Rare fossil teeth overturn long-held views about evolution of vertebrates
An international team of researchers has discovered 439-million-year-old remains of a toothed fish that suggest the ancestors of modern osteichthyans (ray- and lobe-finned fish) and chondrichthyans (sharks and rays) originated much earlier than previously thought.
Related findings were published in Nature on Sept. 28.
A remote site in Guizhou Province of south China, containing sequences of sedimentary layers from the distant Silurian period (around 445 to 420 million years ago), has produced spectacular fossil finds, including isolated teeth identified as belonging to a new species (Qianodus duplicis) of primitive jawed vertebrate. Named after the ancient name for modern-day Guizhou, Qianodus possessed peculiar spiral-like dental elements carrying multiple generations of teeth that were added throughout the life of the animal.
The tooth spirals (or whorls) of Qianodus turned out to be one of the least common fossils recovered from the site. They are small elements that rarely reach 2.5 mm and as such had to be studied under magnification with visible light and X-ray radiation.
A conspicuous feature of the whorls is that they contained a pair of teeth rows set into a raised medial area of the whorl base. These so-called primary teeth show an incremental increase in size towards the inner (lingual) portion of the whorl. What makes the whorls of Qianodus unusual in comparison with those of other vertebrates is the clear offset between the two primary teeth rows. A similar arrangement of neighboring teeth rows is also seen in the dentitions of some modern sharks but has not been previously identified in the tooth whorls of fossil species.
The discovery indicates that the well-known jawed vertebrate groups from the so-called "Age of Fishes" (420 to 460 million years ago) were already established some 20 million years earlier.
"Qianodus provides us with the first tangible evidence for teeth, and by extension jaws, from this critical early period of vertebrate evolution," said Li Qiang from Qujing Normal University.
Unlike the continuously shedding teeth of modern sharks, the researchers believe that the tooth whorls of Qianodus were kept in the mouth and increased in size as the animal grew. This interpretation explains the gradual enlargement of replacement teeth and the widening of the whorl base as a response to the continuous increase in jaw size during development.
For the researchers, the key to reconstructing the growth of the whorls was two specimens at an early stage of formation, easily identified by their noticeably smaller sizes and fewer teeth. A comparison with the more numerous mature whorls provided the paleontologists with a rare insight into the developmental mechanics of early vertebrate dentitions. These observations suggest that primary teeth were the first to form whereas the addition of the lateral (accessory) whorl teeth occurred later in development.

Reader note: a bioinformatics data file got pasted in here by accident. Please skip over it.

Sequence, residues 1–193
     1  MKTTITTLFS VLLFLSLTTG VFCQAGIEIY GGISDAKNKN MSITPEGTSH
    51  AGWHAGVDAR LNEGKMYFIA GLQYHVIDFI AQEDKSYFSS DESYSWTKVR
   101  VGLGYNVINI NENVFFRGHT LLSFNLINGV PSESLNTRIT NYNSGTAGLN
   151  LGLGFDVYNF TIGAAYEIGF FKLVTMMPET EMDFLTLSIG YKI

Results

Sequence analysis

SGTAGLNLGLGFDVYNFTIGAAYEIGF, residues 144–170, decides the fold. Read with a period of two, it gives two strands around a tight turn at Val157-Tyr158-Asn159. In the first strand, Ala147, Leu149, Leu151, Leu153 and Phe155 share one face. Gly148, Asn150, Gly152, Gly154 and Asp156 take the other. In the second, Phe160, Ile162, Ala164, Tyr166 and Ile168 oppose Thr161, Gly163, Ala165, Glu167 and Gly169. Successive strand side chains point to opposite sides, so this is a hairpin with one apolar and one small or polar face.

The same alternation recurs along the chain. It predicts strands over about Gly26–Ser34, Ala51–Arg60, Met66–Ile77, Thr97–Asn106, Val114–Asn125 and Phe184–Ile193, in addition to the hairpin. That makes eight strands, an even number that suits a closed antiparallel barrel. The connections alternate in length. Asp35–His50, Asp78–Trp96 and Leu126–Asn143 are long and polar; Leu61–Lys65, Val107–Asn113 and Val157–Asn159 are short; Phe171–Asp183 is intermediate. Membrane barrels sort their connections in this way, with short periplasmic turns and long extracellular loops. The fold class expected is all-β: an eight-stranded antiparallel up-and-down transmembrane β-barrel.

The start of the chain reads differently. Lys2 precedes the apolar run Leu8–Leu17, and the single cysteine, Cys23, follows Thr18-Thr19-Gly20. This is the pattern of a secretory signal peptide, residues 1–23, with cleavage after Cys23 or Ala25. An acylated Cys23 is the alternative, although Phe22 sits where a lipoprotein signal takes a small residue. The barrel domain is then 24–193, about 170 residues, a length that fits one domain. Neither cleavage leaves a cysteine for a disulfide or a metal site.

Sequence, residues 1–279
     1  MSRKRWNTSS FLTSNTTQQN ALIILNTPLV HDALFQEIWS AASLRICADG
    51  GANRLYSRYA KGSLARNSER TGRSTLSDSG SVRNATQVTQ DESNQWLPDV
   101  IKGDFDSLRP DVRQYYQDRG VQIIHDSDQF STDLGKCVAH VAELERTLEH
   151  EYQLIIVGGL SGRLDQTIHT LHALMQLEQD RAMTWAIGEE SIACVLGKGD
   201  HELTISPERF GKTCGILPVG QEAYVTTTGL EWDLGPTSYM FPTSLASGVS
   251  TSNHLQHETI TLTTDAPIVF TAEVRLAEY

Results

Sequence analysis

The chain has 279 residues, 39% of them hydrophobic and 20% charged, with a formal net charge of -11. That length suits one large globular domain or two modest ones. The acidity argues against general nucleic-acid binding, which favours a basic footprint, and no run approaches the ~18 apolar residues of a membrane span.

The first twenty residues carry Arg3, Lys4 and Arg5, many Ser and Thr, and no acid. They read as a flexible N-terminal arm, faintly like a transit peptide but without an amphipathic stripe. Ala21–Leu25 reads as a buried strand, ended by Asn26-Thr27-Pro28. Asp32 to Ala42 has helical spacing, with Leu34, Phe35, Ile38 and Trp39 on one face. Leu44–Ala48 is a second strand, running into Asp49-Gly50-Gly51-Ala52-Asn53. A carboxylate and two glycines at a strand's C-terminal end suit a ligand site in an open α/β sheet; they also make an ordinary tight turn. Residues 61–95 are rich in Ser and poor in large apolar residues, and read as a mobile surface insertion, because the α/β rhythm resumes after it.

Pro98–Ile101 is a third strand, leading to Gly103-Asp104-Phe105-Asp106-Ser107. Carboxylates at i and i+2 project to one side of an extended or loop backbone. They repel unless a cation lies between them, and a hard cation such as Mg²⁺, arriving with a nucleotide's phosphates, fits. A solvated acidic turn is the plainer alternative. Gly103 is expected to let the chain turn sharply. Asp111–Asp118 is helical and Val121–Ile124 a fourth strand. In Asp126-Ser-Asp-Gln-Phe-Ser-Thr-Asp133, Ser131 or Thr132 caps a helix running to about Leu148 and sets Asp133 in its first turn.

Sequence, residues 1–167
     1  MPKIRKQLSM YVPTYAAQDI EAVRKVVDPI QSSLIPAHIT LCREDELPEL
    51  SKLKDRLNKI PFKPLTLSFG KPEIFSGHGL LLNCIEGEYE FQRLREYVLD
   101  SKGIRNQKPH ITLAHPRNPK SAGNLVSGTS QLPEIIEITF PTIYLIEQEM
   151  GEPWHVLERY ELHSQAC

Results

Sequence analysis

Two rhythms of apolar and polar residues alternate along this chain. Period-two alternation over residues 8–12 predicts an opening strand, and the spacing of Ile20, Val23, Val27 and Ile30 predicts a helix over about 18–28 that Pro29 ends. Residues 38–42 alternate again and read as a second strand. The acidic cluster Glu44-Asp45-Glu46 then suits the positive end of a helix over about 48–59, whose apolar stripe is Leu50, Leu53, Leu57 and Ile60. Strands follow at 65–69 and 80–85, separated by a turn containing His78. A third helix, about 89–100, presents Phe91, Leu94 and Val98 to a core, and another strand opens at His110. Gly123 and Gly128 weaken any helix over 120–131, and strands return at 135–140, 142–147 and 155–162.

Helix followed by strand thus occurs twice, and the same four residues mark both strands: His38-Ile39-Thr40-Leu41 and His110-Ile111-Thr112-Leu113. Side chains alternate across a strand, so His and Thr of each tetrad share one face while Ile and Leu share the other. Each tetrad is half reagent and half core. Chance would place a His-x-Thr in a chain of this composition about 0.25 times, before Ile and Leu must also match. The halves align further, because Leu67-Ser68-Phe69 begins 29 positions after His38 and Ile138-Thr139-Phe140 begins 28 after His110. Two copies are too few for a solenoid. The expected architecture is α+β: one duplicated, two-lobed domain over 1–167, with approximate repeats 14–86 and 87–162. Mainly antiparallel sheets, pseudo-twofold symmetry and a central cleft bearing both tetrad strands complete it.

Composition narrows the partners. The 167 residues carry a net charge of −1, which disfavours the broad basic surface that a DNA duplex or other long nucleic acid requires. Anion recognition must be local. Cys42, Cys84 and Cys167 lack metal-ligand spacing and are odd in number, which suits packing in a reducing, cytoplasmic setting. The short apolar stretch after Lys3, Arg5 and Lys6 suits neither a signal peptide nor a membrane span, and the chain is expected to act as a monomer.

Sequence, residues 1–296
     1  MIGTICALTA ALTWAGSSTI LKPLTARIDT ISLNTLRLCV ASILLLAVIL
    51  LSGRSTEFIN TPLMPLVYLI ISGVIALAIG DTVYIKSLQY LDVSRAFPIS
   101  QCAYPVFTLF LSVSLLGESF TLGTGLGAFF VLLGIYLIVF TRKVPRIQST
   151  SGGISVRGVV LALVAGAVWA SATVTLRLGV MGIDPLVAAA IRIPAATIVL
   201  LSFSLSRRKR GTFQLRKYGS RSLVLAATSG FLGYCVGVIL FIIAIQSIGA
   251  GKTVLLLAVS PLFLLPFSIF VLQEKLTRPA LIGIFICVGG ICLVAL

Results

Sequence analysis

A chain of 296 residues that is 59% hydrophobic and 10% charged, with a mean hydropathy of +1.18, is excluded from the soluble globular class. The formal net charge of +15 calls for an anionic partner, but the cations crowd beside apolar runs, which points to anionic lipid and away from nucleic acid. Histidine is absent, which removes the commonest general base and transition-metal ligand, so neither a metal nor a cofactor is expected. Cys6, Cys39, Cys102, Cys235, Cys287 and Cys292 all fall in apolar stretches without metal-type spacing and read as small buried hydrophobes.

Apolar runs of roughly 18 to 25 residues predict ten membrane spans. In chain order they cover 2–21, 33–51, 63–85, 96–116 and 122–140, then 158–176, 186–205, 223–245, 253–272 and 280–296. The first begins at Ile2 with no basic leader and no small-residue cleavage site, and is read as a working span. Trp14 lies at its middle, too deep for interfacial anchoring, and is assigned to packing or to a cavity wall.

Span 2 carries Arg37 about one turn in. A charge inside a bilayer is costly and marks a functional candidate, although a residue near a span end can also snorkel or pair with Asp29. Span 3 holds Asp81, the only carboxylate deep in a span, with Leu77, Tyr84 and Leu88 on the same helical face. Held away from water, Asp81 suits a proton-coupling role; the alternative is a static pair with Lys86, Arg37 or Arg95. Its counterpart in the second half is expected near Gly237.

"Despite their peculiarities, tooth whorls have, in fact, been reported in many extinct chondrichthyan and osteichthyan lineages," said Plamen Andreev, the lead author of the study. "Some of the early chondrichthyans even built their dentition entirely from closely spaced whorls."
The researchers claim that this was also the case for Qianodus. They made this conclusion after examining the small (1–2 mm long) whorls of the new species with synchrotron radiation—a CT scanning process that uses high energy X-rays from a particle accelerator.
"We were astonished to discover that the tooth rows of the whorls have a clear left or right offset, which indicates positions on opposing jaw rami," said Prof. Zhu Min from the Institute of Vertebrate Paleontology and Paleoanthropology of the Chinese Academy of Sciences.
These observations are supported by a phylogenetic tree that identifies Qianodus as a close relative to extinct chondrichthyan groups with whorl-based dentitions.
"Our revised timeline for the origin of the major groups of jawed vertebrates agrees with the view that their initial diversification occurred in the early Silurian," said Prof. Zhu.
The discovery of Qianodus provides tangible proof for the existence of toothed vertebrates and shark-like dentition patterning tens of millions of years earlier than previously thought. The phylogenetic analysis presented in the study identifies Qianodus as a primitive chondrichthyan, implying that jawed fish were already quite diverse in the Lower Silurian and appeared shortly after the evolution of skeletal mineralization in ancestral lineages of jawless vertebrates.
"This puts into question the current evolutionary models for the emergence of key vertebrate innovations such as teeth, jaws, and paired appendages," said Ivan Sansom, a co-author of the study from the University of Birmingham.
More information: The oldest gnathostome teeth, Nature (2022). DOI: 10.1038/s41586-022-05166-2
Journal information: Nature
Provided by Chinese Academy of Sciences